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As noted earlier, fail-over (FO)
database clusters are implemented by many enterprises to meet their
high availability requirement. In this method, when there is a
failure on the primary node, the database instance running on the
failed node fails over to a backup node, in other words, it restarts
the database instance on the surviving node. However, the behavior
of a typical Parallel database cluster such as Oracle RAC is much
different. An Oracle RAC instance is not failed over, but causes the
reconfiguration of resources from the failed instance to the
non-failed instance(s) to take place.
This section will explore the
fail over database cluster functionality and various components such
as resources, resource groups and failover mechanisms.
Resources, Resource Types
Resources are hardware or
software entities, such as disks, network interface cards (NIC), IP
addresses, applications and database instances controlled by cluster
software. Controlling a resource means bringing it online
(starting), taking it offline (stopping) as well as monitoring the
health or status of the resource.
Depending on the type of
resource, the clustering software, through a script or an agent,
controls the status by starting and stopping activities. For
example, mounting involves starting a file system resource. Starting
IP resource involves configuration of the IP address on a network
interface card. Monitoring a resource means testing it to determine
if it is online or offline. How Cluster Software monitors a resource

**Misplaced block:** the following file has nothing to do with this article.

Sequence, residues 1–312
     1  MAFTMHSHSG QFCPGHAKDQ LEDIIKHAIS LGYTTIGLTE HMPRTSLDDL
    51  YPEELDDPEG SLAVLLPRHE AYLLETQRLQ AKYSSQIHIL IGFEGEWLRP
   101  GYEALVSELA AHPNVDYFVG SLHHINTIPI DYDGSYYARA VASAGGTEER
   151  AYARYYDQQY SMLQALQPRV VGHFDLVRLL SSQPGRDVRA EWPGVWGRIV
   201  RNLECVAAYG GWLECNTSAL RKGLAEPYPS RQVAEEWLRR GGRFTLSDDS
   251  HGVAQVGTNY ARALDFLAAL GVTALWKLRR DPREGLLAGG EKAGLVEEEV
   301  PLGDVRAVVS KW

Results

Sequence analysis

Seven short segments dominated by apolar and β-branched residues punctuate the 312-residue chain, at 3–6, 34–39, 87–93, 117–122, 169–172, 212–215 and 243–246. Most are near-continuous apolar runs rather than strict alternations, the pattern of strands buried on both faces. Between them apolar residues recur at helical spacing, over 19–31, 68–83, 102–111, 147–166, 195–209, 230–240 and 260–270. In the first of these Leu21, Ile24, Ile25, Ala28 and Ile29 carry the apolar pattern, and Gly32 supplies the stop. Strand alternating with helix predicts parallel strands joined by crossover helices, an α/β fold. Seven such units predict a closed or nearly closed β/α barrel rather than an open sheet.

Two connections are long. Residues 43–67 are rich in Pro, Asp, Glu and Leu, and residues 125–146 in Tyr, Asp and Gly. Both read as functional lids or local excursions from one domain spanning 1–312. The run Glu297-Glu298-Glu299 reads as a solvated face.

is also specific to the resource type. For example, a file system
resource tests as online if mounted, and an IP address tests as
online if configured.
A resource group is a set of
resources working together to provide application services to
clients. A resource group is sometimes called a service group or a
package. Different cluster vendors call this by different names.
For example, as shown in Figure
3.7, a database resource group might consist of:
* Disk groups on which the
physical storage data volumes are located.
* Volumes built in the disk
* A file system using the
* Network interface card or
* One or more IP addresses
associated with the network card(s).
* A Listener Process.
* Database Instance.
A cluster software script or
agent executes operations on resources, including starting,
stopping, restarting and monitoring at the resource group level.
Resource group operations initiate administrative operations for all
resources within the group. For example, when a Resource group is
brought online, all the resources within the group are brought
online. When failover occurs, resources never fail-over individually
rather the entire resource group fails. Thus, the resource is the
unit of failover. If there is more than one group defined on a
server, one group may fail-over without affecting the other group(s)
on the server.
Figure 3.7: Cluster Resource
Group and Resources
From a cluster standpoint, there
are two significant aspects to this view of an application resource
group as a collection of resources:
* If a Resource group is to run
on a particular server, all of the resources it requires
must be available to the server.
* The resources comprising a
resource group have interdependencies; that is, some resources
(e.g., volumes) must be operational before other resources (e.g.,
the file system) can be made operational.